Federal fossil fuel leasing policy has emerged as a key battlefront in the war on climate change. In 2019, more than 23 percent of U.S. oil production and more than 11 percent of gas production came from federal lands and waters. During his 2020 campaign, President Biden promised to end federal fossil fuel leasing, and he has paused leasing while reviewing the program. Congressional Republicans are uniformly in favor of continued fossil fuel extraction, which also sometimes wins the support of Democrats from states with large fossil fuel reserves. Republican-controlled states with fossil fuel reserves have also successfully sued the Biden administration to force it to complete previously scheduled offshore oil drilling lease auctions. Meanwhile, environmental activists allege that the administration isn’t pursuing every legal option it has to slow down and stop fossil fuel extraction offshore and on federal land.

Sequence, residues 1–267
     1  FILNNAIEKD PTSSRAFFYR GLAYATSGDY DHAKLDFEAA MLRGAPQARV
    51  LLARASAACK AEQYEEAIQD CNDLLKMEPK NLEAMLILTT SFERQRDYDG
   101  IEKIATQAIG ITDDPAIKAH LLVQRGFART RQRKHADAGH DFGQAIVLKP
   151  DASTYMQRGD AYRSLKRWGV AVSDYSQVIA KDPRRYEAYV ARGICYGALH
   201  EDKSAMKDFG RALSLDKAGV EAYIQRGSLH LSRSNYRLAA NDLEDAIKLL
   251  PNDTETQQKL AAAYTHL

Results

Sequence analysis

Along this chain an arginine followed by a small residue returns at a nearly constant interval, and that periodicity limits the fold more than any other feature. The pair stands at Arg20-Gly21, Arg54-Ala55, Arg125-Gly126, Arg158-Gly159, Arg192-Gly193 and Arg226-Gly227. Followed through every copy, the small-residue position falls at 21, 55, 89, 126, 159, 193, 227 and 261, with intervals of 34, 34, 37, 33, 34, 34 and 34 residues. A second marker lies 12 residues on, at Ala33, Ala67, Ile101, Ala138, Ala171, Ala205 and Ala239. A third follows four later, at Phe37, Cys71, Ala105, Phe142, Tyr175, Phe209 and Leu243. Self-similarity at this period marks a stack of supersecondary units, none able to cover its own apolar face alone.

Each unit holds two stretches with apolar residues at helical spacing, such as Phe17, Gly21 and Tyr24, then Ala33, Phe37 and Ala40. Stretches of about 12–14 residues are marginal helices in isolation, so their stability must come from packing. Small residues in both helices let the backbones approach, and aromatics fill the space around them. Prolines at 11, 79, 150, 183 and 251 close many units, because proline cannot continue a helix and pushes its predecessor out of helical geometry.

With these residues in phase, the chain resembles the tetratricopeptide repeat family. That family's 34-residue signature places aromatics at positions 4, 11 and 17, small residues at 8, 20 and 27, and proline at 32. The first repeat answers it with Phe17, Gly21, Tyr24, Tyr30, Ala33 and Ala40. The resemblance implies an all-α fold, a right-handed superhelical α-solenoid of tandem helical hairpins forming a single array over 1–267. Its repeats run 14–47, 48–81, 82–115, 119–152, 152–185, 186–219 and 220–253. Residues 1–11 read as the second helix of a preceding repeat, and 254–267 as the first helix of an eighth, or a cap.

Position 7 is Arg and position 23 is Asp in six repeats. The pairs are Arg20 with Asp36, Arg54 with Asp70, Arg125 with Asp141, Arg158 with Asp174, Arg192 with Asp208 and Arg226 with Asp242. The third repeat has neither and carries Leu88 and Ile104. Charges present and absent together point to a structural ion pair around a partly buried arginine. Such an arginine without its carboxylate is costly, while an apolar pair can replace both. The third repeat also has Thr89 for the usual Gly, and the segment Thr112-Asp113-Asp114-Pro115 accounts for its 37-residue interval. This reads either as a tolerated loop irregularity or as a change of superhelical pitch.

Build Back Better is the core policy vehicle for the Biden administration’s agenda to fulfill its pledge to cut U.S. greenhouse gas emissions by half by 2030. Throughout the recent two-week United Nations Climate Change Conference in Glasgow, Scotland, White House officials and congressional Democrats touted the bill as if it had already passed.
But, in Washington, D.C. Manchin — who holds an effective veto over the legislation because the Senate is evenly split between the two parties — has forced a number of major concessions that weaken its climate change-combating provisions, such as removing a program that would have incentivized energy utilities to transition to clean energy sources.